Blood and Platelet donations needed to support patients this holiday season
SAN ANTONIO – The South Texas Blood & Tissue Center has teamed up with Bill Miller Bar–B-Q to thank blood and platelet donors this holiday season. Blood and platelet donations decline dramatically during the holiday season as high school and college students, as well as frequent donors, are on vacation.
As a thank-you to the community for donating during the holidays, STBTC and Bill Miller Bar–B-Q will give away some great coupons:
From Dec. 17- 23, blood donors will receive a coupon for a two-piece fried chicken meal.
From Dec. 24- 31, blood donors will receive a coupon for a slice of pie and tea.
From Dec. 17-31, platelet donors will receive a coupon for a Bill Miller small family meal.
Donations during the holidays greatly help in emergencies and ongoing use for cancer patients, new mothers and premature babies to name a few. Cancer patients need platelets to recover from treatment, while trauma victims and surgery patients need platelets to stop their bleeding.
Coupons will be given out while supplies last. Platelet and blood donors are encouraged to schedule a donation by calling 210-731-5590 or visiting southtexasblood.org to secure a spot.
With support from organizations like Bill Miller, San Antonio has avoided critical shortages this year. Efforts continue to ensure that blood is available for accident victims, cancer patients, and mothers of newborns, transplant patients and the many others in need.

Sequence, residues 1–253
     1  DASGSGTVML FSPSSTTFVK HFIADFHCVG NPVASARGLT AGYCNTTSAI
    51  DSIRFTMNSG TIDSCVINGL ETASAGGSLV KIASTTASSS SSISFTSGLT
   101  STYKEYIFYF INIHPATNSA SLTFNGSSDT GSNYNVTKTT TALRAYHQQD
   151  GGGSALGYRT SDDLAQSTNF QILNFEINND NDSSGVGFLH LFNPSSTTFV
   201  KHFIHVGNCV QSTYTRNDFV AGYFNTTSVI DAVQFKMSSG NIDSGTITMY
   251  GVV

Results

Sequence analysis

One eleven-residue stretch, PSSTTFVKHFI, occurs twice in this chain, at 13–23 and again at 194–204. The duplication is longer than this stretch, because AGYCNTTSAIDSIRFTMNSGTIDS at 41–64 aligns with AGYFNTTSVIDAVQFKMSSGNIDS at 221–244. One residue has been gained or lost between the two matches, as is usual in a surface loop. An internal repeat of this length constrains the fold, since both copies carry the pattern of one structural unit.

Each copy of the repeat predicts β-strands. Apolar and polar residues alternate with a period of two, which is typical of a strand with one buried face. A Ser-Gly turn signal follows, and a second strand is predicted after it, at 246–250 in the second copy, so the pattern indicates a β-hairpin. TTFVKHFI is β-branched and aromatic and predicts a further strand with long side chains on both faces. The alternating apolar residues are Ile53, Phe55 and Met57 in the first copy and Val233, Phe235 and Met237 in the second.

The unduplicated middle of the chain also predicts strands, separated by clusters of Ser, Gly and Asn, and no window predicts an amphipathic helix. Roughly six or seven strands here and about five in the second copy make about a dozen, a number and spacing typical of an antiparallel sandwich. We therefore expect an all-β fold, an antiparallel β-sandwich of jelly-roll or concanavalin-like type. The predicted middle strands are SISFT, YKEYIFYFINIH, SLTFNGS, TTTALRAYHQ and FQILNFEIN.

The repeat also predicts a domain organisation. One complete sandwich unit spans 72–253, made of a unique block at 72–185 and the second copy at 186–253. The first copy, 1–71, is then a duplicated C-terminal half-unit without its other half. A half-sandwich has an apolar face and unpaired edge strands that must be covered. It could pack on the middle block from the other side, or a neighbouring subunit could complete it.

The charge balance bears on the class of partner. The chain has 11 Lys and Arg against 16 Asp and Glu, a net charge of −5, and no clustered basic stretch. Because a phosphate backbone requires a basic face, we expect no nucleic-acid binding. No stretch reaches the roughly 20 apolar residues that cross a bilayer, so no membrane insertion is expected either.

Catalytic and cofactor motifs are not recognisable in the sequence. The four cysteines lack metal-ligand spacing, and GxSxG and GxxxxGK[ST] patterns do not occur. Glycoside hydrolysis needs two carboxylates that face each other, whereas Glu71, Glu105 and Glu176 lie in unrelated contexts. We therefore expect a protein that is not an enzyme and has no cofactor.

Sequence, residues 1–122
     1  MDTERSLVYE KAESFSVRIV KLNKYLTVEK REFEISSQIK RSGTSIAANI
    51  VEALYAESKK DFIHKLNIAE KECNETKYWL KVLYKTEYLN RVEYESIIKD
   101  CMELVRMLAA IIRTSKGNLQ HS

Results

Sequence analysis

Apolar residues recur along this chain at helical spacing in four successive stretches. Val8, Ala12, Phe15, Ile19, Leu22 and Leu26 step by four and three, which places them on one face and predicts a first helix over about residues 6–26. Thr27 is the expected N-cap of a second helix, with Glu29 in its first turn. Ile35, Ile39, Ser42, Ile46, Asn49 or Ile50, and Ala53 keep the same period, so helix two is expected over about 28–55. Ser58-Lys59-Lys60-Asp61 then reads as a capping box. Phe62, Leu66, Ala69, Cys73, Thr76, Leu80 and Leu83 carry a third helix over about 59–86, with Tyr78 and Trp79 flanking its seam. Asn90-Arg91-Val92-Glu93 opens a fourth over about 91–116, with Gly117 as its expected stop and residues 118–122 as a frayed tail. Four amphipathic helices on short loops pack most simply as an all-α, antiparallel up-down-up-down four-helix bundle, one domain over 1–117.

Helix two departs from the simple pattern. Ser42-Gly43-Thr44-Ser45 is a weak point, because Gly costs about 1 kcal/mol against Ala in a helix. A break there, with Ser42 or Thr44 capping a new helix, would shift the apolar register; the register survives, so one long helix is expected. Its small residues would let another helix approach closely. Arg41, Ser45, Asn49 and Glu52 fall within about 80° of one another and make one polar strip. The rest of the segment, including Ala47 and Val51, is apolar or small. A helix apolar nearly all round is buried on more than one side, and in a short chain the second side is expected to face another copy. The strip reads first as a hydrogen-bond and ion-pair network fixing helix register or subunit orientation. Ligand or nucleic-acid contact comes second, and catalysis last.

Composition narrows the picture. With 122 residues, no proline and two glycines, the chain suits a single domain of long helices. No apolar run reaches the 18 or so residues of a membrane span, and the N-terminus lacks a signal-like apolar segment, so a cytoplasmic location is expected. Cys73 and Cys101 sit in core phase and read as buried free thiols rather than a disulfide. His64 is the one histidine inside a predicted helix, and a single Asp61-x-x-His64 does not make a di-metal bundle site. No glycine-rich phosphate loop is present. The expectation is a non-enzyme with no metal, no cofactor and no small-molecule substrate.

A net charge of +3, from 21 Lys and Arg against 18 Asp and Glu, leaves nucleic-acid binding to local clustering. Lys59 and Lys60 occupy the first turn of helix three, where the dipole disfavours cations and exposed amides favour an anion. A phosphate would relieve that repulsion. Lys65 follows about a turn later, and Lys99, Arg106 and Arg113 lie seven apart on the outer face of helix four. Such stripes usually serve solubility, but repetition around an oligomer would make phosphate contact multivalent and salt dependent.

Donors must present identification. Anyone who is 16 years old and weighs at least 120 pounds (with parental consent form), or 17 years old and above and weighs at least 110 pounds and is in good general health may donate blood. All donors receive refreshments, a wellness check and are encouraged to eat well before and after donation. Learn more about blood donation at www.SouthTexasBlood.org.
Women who have been pregnant who wish to donate platelets will be tested for the presence of Human Leukocyte Antigen (HLA) antibodies. HLA antibodies can be found in 10- 20 percent of women who have been pregnant, and they can cause Transfusion-Related Acute Lung Injury (TRALI), a rare but serious complication in certain patients who receive transfusions. If you have not given platelets within the last year and would like to be tested to see if you can donate, please schedule a whole blood donation. To learn more visit www.SouthTexasBlood.org/Blood-Donation-After-Pregnancy.